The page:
After a hiatus of many months Armenia and Azerbaijan are talking again about a settlement of the Karabakh conflict. Diplomats chairing the OSCE Minsk Process called on Armenia and Azerbaijan "to demonstrate greater flexibility and to resume comprehensive negotiations".
The Foreign Minister of Armenia Edward Nalbandian and the Foreign Minister of Azerbaijan Elmar Mammadyarov, on Thursday, 16 February met first separately and then jointly with the co-Chairmen of the OSCE Minsk Process, Ambassadors Igor Popov of the Russian Federation, Stephane Visconti of France and Richard Hoagland of the United States of America. The Personal Representative of the OSCE Chairperson-in-Office, Ambassador Andrzej Kasprzyk, also participated in the meetings, which took place in Munich on the margins of the Munich Security Conference.
A statement issued in Vienna, and posted on the OSCE website said that the Co-Chairs discussed with the Ministers the current situation along the Line of Contact and the Armenia–Azerbaijan border. The Co-Chairs reiterated that there is no alternative to a peaceful solution to the conflict and that war is not an option, and called upon the sides to exercise restraint on the terrain as well as in their public communications and to prepare their population for peace and not for war. The Co-Chairs also urged the Sides to adhere strictly to the 1994/95 ceasefire agreements that constitute the foundation of the cessation of hostilities. The Co-Chairs recalled the May 2011 joint statements of their Presidents in Deauville emphasizing that the use of force would only bring more suffering and devastation and would be condemned by the international community. The Co-Chairs shared their views with the Sides on the steps which should be taken toward implementing decisions from the 2016 Summits in Vienna and St. Petersburg aimed at stabilizing the situation in the conflict zone."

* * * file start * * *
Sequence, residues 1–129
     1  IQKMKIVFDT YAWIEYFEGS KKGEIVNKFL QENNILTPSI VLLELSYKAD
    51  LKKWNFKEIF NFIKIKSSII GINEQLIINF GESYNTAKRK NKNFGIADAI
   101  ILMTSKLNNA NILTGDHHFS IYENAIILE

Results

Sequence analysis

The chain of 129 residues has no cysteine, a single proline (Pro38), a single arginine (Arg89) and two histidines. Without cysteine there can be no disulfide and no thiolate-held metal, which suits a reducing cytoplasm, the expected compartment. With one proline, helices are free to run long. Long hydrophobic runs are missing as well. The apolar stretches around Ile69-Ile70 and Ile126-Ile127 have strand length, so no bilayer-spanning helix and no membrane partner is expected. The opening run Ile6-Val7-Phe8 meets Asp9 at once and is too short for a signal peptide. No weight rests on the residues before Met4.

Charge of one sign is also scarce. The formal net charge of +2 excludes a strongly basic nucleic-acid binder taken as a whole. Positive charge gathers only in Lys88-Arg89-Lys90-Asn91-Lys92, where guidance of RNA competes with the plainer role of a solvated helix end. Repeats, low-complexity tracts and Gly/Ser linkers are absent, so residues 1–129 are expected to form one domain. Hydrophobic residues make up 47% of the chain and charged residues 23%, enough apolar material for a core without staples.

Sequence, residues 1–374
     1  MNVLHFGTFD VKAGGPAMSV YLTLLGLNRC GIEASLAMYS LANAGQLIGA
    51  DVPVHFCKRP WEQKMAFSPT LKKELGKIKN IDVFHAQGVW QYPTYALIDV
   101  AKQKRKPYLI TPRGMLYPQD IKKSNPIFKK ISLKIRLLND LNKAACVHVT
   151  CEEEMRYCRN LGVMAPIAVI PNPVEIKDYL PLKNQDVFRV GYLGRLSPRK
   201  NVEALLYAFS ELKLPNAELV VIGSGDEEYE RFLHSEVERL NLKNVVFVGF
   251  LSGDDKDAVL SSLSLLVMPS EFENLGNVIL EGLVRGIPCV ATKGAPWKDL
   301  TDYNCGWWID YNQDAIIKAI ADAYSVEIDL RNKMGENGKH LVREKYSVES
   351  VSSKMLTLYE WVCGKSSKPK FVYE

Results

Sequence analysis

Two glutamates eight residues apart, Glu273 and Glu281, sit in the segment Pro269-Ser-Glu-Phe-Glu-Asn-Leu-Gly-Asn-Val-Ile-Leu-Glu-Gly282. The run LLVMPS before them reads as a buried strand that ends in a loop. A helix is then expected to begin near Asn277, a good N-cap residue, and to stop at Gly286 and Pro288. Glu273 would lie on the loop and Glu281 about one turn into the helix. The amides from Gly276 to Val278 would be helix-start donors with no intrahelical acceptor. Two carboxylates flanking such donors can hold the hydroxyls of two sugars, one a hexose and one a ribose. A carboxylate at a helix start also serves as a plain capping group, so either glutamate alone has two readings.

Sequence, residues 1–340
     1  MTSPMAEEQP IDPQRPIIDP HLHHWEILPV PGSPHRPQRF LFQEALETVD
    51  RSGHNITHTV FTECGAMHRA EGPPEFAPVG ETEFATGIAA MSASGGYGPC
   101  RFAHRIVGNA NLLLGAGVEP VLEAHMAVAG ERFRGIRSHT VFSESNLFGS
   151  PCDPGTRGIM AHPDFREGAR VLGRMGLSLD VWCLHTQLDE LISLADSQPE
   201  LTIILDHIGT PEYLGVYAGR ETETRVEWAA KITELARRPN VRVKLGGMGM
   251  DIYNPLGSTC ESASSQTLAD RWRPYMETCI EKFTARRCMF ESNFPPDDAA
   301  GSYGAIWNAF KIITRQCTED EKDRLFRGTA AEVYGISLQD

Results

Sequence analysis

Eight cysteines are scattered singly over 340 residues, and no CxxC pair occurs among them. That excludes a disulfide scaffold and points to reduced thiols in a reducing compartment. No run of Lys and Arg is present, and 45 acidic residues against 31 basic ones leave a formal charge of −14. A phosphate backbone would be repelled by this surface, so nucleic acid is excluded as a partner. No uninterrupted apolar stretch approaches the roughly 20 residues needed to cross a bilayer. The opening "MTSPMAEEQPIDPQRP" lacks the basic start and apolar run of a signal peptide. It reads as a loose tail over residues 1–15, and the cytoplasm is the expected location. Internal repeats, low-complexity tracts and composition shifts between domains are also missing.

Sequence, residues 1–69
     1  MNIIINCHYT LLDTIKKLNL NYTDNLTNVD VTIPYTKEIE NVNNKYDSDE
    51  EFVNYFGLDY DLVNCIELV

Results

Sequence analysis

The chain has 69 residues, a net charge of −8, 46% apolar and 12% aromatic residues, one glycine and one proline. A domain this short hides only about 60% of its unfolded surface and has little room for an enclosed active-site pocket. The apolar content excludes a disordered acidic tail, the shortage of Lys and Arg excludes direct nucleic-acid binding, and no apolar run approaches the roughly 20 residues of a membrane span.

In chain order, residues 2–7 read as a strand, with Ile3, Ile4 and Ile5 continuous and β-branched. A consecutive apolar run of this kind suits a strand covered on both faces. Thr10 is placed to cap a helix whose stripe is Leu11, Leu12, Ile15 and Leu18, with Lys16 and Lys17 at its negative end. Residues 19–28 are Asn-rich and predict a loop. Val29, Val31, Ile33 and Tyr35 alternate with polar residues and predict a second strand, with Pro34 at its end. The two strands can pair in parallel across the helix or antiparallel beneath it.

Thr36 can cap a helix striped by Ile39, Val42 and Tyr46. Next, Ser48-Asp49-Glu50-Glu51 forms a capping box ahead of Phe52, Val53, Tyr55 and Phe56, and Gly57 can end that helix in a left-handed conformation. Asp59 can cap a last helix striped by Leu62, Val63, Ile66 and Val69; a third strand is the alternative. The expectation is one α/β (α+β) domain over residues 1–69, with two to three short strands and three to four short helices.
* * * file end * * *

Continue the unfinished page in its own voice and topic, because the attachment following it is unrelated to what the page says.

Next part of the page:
The statement added that "the Co-Chairs stressed to the Ministers the need to demonstrate greater flexibility and to resume comprehensive negotiations on reaching a lasting settlement as soon as possible."
In their statement the diplomats touched on a number of issues. They"recognized that the Armenian authorities’ recent decision to return the body of an Azerbaijani serviceman was a helpful humanitarian gesture. The two Ministers reiterated their commitment to strictly observe their international humanitarian obligations including those of the Astrakhan Declaration of October 2010 issued by the Presidents of Armenia, Azerbaijan, and the Russian Federation."
The statement added that "the Co-Chairs are aware that a so-called constitutional referendum is scheduled to take place in Nagorno-Karabakh on February 20, 2017. Although the Co-Chairs note that the de-facto Nagorno-Karabakh authorities view the use of such a procedure as an effort to organize the public life of their population, they underscore again that no countries, including Armenia and Azerbaijan, recognize Nagorno-Karabakh as an independent and sovereign state. Accordingly, the Co-Chairs do not accept the results of the referendum on February 20 as affecting the legal status of Nagorno-Karabakh. The Co-Chairs also stress that the results in no way prejudge the final status of Nagorno-Karabakh or the outcome of the ongoing negotiations to bring a lasting and peaceful settlement to the Nagorno-Karabakh conflict."
The Co-Chairs plan to travel to the region in March.
photo: The Foreign Ministers of Armenia and Azerbaijan (archive picture)
The prospect of president Putin's continued grip on the Kremlin is perceived differently in the near abroad, argues Benyamin Poghosyan in this op-ed.